An apparent love triangle involving Joan Irvine Smith, one of Southern California’s wealthiest women, has led to a court fight that continues to this day and has outlasted the marriage of two of the parties.
The seven-year dispute involves lawsuits filed by Smith, 63; by her former horse trainer, James “Jimmy” Kohn, 50; and by Meg Howard, 31, the woman Kohn married and divorced during the litigation.
The battle between Smith and Howard continues, with an appellate court last month returning it to Orange County Superior Court.
It all began in 1985, when Smith, the matriarch of the family that gave Irvine its name, hired Kohn, a nationally renowned handler and trainer, to work on her horse ranch, the Oaks of San Juan Capistrano.
The Oaks is just part of the Smith empire. It also is the setting for star-studded parties and home to the annual Oaks Classic Grandprix, which features Smith’s stable of show horses, all prize-winning hunters and jumpers. One horse alone is worth more than $800,000, according to court records.
At the Oaks, Kohn and Smith developed an intimate as well as a working relationship, according to court documents and to friends and co-workers who know them both.
But in April 1989, attorneys close to the case say, Smith became furious when Kohn brought Howard to the Oaks. Smith learned that day that Howard was Kohn’s “live-in girlfriend” and “that he planned to marry her,” according to court documents.
Smith responded by terminating her association with Kohn, which she described in court records as “more than a business relationship.”
That June, Kohn filed a lawsuit suit against Smith accusing her of meddling in how and where he conducted his business. He also obtained a restraining order against her.
He was able to do so, the court record indicates, by virtue of having a long-term lease that granted him broad powers over the property, similar to those held by tenants in commercial buildings.
Kohn accused Smith, described in court records as his “former girlfriend, employer and co-tenant,” of “breach of contract and interference with business relations.”
Smith responded in July 1989, by filing a “cross-complaint” against Kohn and Howard, accusing him of failing to pay employees and allowing Howard--whom she labeled “an inept, talentless and incompetent rider"--to assist him in handling her expensive stable of horses.
Howard later sued Smith for “malicious prosecution,” a matter that received attention just last month from the 4th District Court of Appeal. That court reversed a decision in Orange County Superior Court to dismiss Howard’s suit.
That action now has been returned to Superior Court for further litigation.
Howard and Kohn were married in April 1990, and divorced barely two years later. Friends of the couple, who spoke on the condition that they not be quoted by name, blamed the breakup of the marriage on the stress of the litigation.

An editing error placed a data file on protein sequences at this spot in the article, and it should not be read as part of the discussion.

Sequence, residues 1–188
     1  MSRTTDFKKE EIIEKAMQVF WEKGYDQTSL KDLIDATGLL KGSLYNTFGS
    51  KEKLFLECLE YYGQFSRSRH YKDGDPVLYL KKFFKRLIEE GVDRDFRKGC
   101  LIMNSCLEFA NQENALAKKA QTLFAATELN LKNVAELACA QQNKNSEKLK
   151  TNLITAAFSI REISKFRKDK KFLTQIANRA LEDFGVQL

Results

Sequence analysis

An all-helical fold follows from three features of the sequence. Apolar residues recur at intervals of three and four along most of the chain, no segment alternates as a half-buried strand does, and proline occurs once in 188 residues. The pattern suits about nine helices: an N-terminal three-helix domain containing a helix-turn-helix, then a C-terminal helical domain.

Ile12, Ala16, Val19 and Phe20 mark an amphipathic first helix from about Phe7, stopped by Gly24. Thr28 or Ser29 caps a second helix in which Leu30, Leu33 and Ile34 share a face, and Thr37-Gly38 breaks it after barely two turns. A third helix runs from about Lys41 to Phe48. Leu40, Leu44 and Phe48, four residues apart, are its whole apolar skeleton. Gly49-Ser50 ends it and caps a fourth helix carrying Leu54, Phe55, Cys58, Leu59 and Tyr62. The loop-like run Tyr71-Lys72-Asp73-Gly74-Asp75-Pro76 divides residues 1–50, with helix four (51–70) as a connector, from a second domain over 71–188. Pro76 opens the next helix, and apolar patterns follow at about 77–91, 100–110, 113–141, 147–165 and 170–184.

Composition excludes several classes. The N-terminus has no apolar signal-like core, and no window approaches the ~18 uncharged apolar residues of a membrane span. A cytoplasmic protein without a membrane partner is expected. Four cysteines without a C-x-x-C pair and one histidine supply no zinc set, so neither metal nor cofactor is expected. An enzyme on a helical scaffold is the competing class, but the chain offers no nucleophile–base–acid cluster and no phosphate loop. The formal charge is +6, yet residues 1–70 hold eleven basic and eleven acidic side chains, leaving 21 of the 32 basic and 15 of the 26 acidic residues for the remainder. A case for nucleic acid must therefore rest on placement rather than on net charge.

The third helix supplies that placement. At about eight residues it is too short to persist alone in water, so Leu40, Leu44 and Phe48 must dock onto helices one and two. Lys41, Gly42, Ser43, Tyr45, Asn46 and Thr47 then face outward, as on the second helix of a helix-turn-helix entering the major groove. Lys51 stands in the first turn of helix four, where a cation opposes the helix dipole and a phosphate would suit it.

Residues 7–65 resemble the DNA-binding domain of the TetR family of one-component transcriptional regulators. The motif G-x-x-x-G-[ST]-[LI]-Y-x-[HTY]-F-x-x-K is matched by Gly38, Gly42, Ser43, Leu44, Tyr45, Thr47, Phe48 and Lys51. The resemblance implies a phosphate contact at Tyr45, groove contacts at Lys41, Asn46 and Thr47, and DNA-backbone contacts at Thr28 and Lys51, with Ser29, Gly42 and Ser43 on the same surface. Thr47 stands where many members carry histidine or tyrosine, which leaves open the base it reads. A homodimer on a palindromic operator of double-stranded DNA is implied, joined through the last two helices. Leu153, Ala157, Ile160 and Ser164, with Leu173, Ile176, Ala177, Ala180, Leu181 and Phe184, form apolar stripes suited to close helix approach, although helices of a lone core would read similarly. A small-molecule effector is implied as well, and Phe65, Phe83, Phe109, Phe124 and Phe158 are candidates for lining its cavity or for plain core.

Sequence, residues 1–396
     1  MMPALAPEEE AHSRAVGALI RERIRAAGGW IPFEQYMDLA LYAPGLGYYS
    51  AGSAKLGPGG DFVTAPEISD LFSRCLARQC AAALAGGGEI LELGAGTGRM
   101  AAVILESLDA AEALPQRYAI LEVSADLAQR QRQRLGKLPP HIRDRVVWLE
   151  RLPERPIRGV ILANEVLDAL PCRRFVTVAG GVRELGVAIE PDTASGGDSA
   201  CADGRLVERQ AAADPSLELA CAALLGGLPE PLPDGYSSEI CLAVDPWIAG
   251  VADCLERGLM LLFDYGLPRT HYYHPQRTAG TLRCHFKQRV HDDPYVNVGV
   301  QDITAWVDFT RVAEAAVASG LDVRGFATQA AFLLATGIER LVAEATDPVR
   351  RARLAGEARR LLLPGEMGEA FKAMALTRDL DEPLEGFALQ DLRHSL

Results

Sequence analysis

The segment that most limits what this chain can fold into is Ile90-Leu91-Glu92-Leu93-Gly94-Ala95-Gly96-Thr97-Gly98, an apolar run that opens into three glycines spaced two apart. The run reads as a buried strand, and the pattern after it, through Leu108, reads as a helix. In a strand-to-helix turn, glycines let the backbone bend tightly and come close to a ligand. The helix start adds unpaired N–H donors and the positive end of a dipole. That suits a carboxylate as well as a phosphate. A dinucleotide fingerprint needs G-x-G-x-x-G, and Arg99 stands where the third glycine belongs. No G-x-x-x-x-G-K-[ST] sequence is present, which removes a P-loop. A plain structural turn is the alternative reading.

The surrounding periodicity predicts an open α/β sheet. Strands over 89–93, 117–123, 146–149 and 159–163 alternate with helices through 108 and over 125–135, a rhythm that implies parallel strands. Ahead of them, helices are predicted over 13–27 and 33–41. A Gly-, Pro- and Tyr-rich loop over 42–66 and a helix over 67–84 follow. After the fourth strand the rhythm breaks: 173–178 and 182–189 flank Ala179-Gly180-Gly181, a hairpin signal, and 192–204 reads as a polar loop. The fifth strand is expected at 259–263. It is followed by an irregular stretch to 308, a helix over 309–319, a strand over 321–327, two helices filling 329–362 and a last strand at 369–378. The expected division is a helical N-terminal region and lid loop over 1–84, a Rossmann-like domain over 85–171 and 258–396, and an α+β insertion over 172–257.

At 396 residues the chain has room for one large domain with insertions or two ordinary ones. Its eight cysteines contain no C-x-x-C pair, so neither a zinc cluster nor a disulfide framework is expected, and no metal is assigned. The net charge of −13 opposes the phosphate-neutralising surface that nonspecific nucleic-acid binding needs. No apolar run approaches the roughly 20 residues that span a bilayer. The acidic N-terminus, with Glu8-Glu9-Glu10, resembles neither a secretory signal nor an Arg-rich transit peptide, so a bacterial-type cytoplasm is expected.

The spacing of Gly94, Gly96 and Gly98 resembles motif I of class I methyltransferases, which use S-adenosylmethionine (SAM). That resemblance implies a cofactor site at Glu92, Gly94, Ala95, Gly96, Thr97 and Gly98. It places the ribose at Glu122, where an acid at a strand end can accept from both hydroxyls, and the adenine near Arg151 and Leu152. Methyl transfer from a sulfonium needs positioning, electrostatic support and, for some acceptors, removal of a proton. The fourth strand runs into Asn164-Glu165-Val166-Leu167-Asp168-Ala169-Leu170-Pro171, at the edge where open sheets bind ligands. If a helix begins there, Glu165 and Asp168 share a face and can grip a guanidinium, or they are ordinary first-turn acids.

Howard’s Santa Ana attorney, Franklin J. Dimino, argued in court documents that Smith’s purpose in bringing the action was to “vex and annoy Howard and to create economic and emotional conflict for and between Howard and Kohn, in retaliation for Kohn’s romantic involvement with Howard.”
In 1993, Kohn and Smith agreed to a confidential settlement. But the case between Howard and Smith continued.
Kohn declined to be interviewed about the case, with his attorney citing the confidential nature of the resolution.
“As a result of my client’s case with her, I can’t go into any details,” said Joseph Demetrius Christopher, Kohn’s Newport Beach attorney.
Through her attorney, Howard also declined to be interviewed. She has since moved to rural Michigan.
Mark A. Smith, one of Smith’s attorneys, also declined to discuss the case. “It was a very volatile, very emotional set of facts,” he said.
His co-counsel, Mark S. Ashworth, did not return phone calls.
Smith also did not return repeated phone calls.
Litigation is not a foreign concept to Smith, whose public profile has included lavish parties and disputes carried out in open court.
The former was best exemplified by “An Evening Under the Stars,” last fall’s charity fund-raiser at the Oaks in honor of actor Christopher Reeve and attended by Reeve and his friends, Robin Williams, Jane Seymour and Joan Rivers. The event raised money for the research and treatment of spinal-cord injuries, such as the one Reeve suffered while riding a horse.
Smith also had recently donated $1 million to UC Irvine for the same cause.
Among her most prominent public tangles was her legal fight with the Irvine Co., the empire founded by her great-grandfather, in which Smith won a $149-million judgment in disputing the family’s share of the real-estate conglomerate after its sale in 1983.
Her millions fueled the rise of the Irvine Co. and helped make it one of the region’s most powerful baronies. In 1994, Forbes magazine listed her No. 341 in its ranking of wealthy Americans, with a fortune estimated at $350 million. Her empire includes an oceanfront home in Laguna Beach and a multimillion-dollar collection of California Impressionism.
There also was the highly publicized disinheritance of her son, Morton Irvine Smith, because she disapproved of his wife, who came from a working-class family in Boston. Morton Irvine Smith publicly estimated that he gave up $100 million for the marriage. His father, Morton W. “Cappy” Smith, is one of Joan Irvine Smith’s four ex-husbands.
Howard’s attorney, Dimino, declined to talk about his client’s case with Smith beyond “what was said in the court record.”
But he offered one observation on which all sides agreed unequivocally.
“Joan Irvine Smith,” Dimino said, “is a very powerful woman.”